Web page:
Researchers claim potential improvement in solar cell efficiency

perovskite-solar-cell-silicon-tandem-photovoltaic-efficiency-MIT-Stanford-University-EDIWeekly

Researchers at the Massachusetts Institute of Technology (MIT) and Stanford University are reporting an advance in solar cell technology that could significantly improve the efficiency of photovoltaic cells in harvesting the sun’s energy. The researchers reported in the journal Applied Physics Letters that their prototype solar cell has the potential to surpass 35 per cent efficiency. The current maximum efficiency for photovoltaic cells is around 25 per cent. The power efficiency is the percentage of sunlight’s energy that is converted to electricity. The solar-to-electricity conversion efficiency is the technical variable that most strongly influences silicon photovoltaic module costs, the researchers write.

The MIT cell is made with a layer of silicon, as is common in solar panels, but adds a transparent layer of perovskite, creating a tandem solar cell in which the two different layers absorb different portions of sunlight. Perovskite, the researchers say, absorbs higher-energy particles of sunlight. Unlike an earlier model, in which the two layers operated, and had to be wired, independently of each other, the new version operates like a single silicon cell, with a single electrical control circuit.

Increasing the power efficiency of the prototype remains the major challenge, as it is limited by the capacity of the lesser of the two layers. The proof-of-concept solar cell was able to achieve a power output of “about the same” as would be produced by a conventional solar cell, about 13.7 per cent. While this leaves much to be desired, the researchers say they have already identified ways of increasing that output to 30 per cent, and ultimately to 35 per cent.

Another major challenge lies in the perovskite itself, a crystalline organometal mineral that is abundant in geological deposits around the world, and can be produced inexpensively in the lab. A statement from MIT on the new work explains that the material degrades quickly in open air and must therefore be modified to improve its durability or encapsulated to prevent exposure to air. This must be done without adding to manufacturing costs or compromising performance.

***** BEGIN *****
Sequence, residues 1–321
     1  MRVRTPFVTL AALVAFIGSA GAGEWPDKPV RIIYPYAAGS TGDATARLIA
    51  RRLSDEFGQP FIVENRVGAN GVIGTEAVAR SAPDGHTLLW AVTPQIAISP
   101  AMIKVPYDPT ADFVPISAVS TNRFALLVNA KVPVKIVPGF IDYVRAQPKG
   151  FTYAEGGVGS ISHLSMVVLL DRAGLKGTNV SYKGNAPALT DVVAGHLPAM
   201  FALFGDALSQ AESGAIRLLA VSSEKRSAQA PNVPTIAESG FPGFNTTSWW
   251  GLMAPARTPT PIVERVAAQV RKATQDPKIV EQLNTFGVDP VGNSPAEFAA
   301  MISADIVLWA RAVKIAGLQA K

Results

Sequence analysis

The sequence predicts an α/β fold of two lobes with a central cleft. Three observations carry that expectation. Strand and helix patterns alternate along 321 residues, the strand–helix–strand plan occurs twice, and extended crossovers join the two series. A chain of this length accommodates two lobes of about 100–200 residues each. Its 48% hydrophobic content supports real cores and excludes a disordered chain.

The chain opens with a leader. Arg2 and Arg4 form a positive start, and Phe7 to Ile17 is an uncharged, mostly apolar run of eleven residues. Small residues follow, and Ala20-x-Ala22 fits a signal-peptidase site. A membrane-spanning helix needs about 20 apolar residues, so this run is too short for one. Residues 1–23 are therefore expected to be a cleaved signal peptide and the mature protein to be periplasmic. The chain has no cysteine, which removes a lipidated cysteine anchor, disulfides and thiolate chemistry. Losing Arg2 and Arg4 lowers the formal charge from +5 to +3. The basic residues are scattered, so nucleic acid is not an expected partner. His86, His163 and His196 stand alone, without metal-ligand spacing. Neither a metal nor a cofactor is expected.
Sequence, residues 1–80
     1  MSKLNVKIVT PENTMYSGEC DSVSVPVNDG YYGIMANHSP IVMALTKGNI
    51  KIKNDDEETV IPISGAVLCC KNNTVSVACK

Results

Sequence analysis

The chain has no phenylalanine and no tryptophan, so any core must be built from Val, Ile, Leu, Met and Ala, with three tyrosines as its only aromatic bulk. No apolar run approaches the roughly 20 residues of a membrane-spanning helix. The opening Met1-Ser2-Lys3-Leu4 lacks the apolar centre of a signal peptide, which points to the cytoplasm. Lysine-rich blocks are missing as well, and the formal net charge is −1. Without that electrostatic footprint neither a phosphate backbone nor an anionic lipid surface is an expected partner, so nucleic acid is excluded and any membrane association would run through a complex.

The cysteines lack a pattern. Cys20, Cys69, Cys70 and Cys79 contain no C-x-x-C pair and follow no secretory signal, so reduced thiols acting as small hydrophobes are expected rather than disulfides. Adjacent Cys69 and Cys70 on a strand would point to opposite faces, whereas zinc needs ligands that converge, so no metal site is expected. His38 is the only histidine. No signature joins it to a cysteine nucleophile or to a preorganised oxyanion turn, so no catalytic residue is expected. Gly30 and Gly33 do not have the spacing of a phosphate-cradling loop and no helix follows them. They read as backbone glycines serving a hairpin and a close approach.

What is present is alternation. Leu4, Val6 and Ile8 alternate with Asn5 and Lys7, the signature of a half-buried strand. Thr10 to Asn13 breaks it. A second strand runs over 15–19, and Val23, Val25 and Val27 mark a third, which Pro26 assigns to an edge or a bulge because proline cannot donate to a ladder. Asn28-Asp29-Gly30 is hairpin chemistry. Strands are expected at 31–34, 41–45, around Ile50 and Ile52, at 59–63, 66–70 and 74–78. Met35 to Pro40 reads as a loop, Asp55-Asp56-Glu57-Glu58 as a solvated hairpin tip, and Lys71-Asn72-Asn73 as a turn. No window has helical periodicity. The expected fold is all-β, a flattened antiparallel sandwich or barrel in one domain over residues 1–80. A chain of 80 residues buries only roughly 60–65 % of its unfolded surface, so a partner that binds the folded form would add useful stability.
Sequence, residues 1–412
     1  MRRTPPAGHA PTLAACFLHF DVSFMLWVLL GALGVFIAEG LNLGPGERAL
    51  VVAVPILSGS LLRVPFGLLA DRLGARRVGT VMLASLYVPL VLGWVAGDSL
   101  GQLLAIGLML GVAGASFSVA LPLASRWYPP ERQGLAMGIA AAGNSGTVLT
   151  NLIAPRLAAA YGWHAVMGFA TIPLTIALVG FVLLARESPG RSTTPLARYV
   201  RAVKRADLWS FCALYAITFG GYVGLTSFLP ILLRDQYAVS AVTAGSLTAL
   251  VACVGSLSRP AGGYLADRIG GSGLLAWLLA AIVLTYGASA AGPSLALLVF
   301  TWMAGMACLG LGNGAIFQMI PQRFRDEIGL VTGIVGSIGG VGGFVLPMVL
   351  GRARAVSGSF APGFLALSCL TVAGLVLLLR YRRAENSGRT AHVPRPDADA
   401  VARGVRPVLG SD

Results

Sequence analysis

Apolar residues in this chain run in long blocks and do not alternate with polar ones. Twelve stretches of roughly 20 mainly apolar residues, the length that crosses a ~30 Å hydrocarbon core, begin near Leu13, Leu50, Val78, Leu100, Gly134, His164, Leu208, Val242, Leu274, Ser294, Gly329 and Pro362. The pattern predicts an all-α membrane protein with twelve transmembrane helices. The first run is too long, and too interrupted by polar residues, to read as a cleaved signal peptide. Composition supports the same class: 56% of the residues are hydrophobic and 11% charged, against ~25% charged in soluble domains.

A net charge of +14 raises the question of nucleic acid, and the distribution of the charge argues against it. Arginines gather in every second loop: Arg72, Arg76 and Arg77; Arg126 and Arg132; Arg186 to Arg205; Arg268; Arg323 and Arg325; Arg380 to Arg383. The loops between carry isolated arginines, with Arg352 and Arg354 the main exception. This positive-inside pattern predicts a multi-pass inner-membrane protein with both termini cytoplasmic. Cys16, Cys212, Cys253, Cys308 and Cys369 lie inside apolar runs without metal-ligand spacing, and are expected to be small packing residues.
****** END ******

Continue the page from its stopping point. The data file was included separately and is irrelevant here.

Did you miss this?

Other Popular Stories

  • Green building technology to grow annually by 10.12% to the year 2023
  • Manufacturing slowdown reflects oil and dollar declines
  • Ontario Local Food Bill hailed by farm/food groups
  • Wind capacity reaches 82,183 megawatts in US, enough to power 24 million homes
  • Manufacturing sector rebounded in February: Statistics Canada
  • Ethical Concerns Rise Over the Future of Autonomous Vehicles
  • Magna unveils newest concept car, posts strong Q4 profits
  • Manufacturing grew in August; oil industry to lose $2.1 billion in 2015
  • New MRO operation rising in former Aveos plant
  • First wood frame mid-rise construction in Toronto will be condos
  • Valve industry in growth mode as LNG prospects grow brighter
  • Large investment in Toronto biotech company could lead to new therapies for heart patients
  • Manufacturing index rises, conditions "robust" in October: RBC
  • 7 Award winners honoured for championing ontario's environment's zero-waste, low-carbon initiatives
  • Ontario government accepts mining report recommendations
  • Renewable energy use increased in US in 2012
  • Ozone-Destroying Emissions Rising Unexpectedly, Scientists Baffled
  • Beam me up, Scotty. Teleportation is small step closer: researchers transport photon 500 kilometers: Micius satellite
  • Industry-academic R&D cooperation to boost Ontario's aerospace sector
  • Bombardier, Air Canada Jazz taking part in European MRO event
Scroll to Top